Parents should be aware that teeth can get cavities as soon as they appear in the mouth, as early as one year old. Teeth with cavities must be fixed. If the decay gets worse, the tooth may abscess, affecting your child's overall health and the tooth will need to be extracted. Even though these teeth are not permanent, they are very important for long term dental health because they hold space in the mouth for adult teeth, and are intended to remain until permanent teeth are ready to take their place. Early dental care will ensure these teeth are not lost too early.
Tip #5: Don't “prepare” your child or “practice” for their first dental visit.
A first dental visit is meant to be easy and fun. There is no need to practice opening wide. Don't tell your child not to worry and don't tell them it won't hurt (it won't). We strive to make a child's first dental appointment fun, educational and something to celebrate. It's all about a positive experience to develop comfort and trust. Making a big deal about an upcoming appointment can lead to anxiety and an expectation that something really scary is about to happen.
Tip #6: Fluoride prevents cavities.
Start using fluoride toothpaste at age 3, or when a child is able to spit well. Use an amount of toothpaste, smaller than a pea, and make sure your child spits it out after brushing. Ingesting too much fluoride can lead to a condition called fluorosis, in which the developing adult teeth can become permanently discoloured. Fluoride free toothpaste is available at most stores and can be used to make the experience a little more fun and interesting for younger children. We will determine the best time to start in-office fluoride applications.
Tip #7: Kids should not brush independently until around the age eight and need help flossing until the age of 10.
An appropriate target age for brushing independently is around age 8. Children who want to start brushing on their own should be encouraged to do so, but generally most kids don't do a good job until they are much older, so need a parent's help still. Most kids can't floss properly without the help of a parent until around age 10.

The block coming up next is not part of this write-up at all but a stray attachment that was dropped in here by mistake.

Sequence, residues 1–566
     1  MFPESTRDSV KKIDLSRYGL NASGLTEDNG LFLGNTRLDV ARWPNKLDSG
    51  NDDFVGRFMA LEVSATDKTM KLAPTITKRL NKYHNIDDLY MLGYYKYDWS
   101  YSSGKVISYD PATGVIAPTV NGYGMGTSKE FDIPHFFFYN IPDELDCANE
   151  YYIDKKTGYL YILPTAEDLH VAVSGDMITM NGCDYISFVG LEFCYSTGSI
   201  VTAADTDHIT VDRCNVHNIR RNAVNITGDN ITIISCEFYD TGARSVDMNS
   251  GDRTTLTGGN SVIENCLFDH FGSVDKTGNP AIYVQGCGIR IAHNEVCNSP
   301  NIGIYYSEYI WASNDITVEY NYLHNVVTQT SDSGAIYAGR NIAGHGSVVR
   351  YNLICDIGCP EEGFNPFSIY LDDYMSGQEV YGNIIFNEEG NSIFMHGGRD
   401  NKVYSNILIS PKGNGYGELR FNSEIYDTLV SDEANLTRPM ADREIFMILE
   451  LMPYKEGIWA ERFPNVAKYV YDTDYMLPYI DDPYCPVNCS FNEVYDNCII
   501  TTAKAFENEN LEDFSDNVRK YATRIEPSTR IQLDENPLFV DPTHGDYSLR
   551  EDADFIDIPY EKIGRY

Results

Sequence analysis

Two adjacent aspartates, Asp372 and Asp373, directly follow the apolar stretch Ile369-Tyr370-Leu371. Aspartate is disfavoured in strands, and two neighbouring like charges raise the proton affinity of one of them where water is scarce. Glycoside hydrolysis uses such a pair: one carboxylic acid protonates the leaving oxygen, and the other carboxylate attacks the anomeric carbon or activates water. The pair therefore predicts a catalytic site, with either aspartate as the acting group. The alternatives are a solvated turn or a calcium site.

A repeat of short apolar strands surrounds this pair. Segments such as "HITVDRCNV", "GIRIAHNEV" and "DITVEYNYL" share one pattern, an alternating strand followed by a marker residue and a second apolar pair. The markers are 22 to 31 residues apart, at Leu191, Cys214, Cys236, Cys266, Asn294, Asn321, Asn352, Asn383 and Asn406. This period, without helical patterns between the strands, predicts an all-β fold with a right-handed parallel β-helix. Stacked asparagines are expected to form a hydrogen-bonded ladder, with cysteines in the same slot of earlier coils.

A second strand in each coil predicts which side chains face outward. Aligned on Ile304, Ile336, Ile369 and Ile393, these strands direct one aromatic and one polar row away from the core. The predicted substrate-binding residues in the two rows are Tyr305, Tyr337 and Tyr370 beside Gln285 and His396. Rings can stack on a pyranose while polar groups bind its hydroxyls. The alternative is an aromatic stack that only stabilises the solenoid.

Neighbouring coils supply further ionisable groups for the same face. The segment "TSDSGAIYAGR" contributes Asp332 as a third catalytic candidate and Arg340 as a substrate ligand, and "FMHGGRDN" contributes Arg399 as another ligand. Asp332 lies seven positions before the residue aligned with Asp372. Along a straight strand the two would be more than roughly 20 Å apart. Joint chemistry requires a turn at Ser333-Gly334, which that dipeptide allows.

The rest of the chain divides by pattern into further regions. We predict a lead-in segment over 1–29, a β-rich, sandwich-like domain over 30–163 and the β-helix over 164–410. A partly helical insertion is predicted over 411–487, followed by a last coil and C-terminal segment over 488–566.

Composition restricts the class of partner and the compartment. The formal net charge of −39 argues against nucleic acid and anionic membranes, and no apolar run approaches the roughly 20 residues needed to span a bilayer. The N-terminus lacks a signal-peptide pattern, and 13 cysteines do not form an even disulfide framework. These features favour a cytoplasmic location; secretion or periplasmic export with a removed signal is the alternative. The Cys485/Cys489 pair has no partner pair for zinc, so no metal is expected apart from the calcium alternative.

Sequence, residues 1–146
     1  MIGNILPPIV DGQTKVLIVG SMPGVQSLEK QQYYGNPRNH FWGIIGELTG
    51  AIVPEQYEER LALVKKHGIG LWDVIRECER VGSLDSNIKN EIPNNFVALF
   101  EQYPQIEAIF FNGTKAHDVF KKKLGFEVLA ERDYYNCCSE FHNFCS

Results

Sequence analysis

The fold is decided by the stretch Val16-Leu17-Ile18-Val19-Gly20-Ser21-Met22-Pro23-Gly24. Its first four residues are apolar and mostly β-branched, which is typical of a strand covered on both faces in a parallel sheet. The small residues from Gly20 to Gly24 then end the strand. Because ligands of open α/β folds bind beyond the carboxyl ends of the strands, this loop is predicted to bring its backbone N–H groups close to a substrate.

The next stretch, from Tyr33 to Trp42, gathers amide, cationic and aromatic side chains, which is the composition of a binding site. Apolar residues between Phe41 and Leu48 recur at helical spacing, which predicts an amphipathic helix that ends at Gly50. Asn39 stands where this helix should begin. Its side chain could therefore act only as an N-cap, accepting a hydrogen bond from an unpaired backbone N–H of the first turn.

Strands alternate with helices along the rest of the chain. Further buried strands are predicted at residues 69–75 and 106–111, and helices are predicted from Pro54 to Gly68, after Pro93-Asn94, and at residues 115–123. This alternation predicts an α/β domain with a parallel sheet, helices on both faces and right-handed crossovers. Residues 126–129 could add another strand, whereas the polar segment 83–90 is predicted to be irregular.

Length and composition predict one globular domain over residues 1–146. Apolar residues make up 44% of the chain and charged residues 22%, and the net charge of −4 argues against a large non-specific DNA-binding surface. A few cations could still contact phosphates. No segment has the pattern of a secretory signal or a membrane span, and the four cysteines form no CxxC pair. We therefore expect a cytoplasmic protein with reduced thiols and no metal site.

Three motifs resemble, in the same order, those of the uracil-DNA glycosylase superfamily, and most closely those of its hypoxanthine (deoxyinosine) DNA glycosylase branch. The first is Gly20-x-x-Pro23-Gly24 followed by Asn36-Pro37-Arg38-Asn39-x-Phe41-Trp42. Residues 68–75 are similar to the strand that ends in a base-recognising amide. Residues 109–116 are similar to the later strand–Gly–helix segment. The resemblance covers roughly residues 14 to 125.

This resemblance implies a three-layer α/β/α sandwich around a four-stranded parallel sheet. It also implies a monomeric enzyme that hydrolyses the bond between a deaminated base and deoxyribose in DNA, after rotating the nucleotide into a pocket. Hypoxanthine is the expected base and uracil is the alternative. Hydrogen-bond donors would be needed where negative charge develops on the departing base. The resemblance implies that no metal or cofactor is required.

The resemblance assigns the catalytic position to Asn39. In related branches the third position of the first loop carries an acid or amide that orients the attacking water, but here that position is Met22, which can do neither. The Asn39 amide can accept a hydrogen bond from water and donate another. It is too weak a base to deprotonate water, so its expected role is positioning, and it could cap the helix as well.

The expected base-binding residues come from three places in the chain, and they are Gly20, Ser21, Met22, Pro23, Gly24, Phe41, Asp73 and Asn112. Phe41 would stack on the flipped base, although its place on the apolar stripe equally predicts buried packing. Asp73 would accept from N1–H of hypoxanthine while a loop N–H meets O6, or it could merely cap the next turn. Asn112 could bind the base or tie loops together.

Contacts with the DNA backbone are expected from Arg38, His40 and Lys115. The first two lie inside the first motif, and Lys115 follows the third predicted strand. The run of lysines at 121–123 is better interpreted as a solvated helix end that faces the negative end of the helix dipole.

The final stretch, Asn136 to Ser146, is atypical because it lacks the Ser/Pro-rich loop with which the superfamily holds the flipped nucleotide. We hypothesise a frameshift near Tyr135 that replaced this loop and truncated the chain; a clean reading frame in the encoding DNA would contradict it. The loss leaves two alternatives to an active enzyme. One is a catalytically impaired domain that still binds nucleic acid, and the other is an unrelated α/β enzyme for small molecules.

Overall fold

Tip #8: Sealants for kids helps prevent cavities in the pits of molars.
We frequently seal first (6-year) and second (12-year) molars to prevent the often-deep pits and fissures from harbouring cavity-causing bacteria. We typically roughen the surface of the pits and grooves and paint a thin layer of sealer into the groove to protect the tooth. This won't stop a cavity already there, but it does a lot to prevent one from forming.
Tip #9: Cheese doesn't cause cavities.
As a mother herself, this is Dr. Brescia's favourite bit of advice. How often have you brushed your child's teeth, gotten them all settled in bed and then had them start crying and saying they are hungry? You can give your child a piece of cheese and not have to brush all over again!! Cheese doesn't contain sugar that causes cavities. Harder cheeses like Cheddar, Swiss, Mozzarella, and Monterey Jack also stimulate the salivary glands to clear the mouth of debris and protect teeth from acids that weaken them. This means cheese disrupts the development of cavities, especially when eaten as a snack or at the end of a meal.
Tip #10: Keep up with regular preventative hygiene and dental exams.
Dr. Brescia recommends that both kids and adults see a dentist for a regular checkup every six months. We want to prevent oral disease from ever occurring. When problems do develop, we want to catch them early when they are easier to fix. Your dentist is there not only to help with children and tooth decay, a typical appointment also involves preventive cleaning, fluoride application, discussing good oral health habits and helping kids get comfortable with regular dental care.